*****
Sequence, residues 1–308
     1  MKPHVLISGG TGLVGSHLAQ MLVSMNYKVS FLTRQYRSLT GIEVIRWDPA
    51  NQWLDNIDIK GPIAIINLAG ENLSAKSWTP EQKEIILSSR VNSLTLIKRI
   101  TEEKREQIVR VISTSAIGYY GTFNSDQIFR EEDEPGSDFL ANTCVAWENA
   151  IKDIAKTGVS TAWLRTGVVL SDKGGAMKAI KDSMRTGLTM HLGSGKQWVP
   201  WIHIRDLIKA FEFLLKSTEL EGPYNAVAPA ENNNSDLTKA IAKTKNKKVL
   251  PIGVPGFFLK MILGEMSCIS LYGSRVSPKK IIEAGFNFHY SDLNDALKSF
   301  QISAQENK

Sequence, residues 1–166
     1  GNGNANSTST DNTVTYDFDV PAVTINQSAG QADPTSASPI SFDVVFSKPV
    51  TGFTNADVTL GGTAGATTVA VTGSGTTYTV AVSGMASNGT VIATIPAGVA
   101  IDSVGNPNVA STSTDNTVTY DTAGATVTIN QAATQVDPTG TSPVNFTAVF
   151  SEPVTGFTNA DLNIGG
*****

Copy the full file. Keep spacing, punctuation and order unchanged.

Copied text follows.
Sequence, residues 1–308
     1  MKPHVLISGG TGLVGSHLAQ MLVSMNYKVS FLTRQYRSLT GIEVIRWDPA
    51  NQWLDNIDIK GPIAIINLAG ENLSAKSWTP EQKEIILSSR VNSLTLIKRI
   101  TEEKREQIVR VISTSAIGYY GTFNSDQIFR EEDEPGSDFL ANTCVAWENA
   151  IKDIAKTGVS TAWLRTGVVL SDKGGAMKAI KDSMRTGLTM HLGSGKQWVP
   201  WIHIRDLIKA FEFLLKSTEL EGPYNAVAPA ENNNSDLTKA IAKTKNKKVL
   251  PIGVPGFFLK MILGEMSCIS LYGSRVSPKK IIEAGFNFHY SDLNDALKSF
   301  QISAQENK

Sequence, residues 1–166
     1  GNGNANSTST DNTVTYDFDV PAVTINQSAG QADPTSASPI SFDVVFSKPV
    51  TGFTNADVTL GGTAGATTVA VTGSGTTYTV AVSGMASNGT VIATIPAGVA
   101  IDSVGNPNVA STSTDNTVTY DTAGATVTIN QAATQVDPTG TSPVNFTAVF
   151  SEPVTGFTNA DLNIGG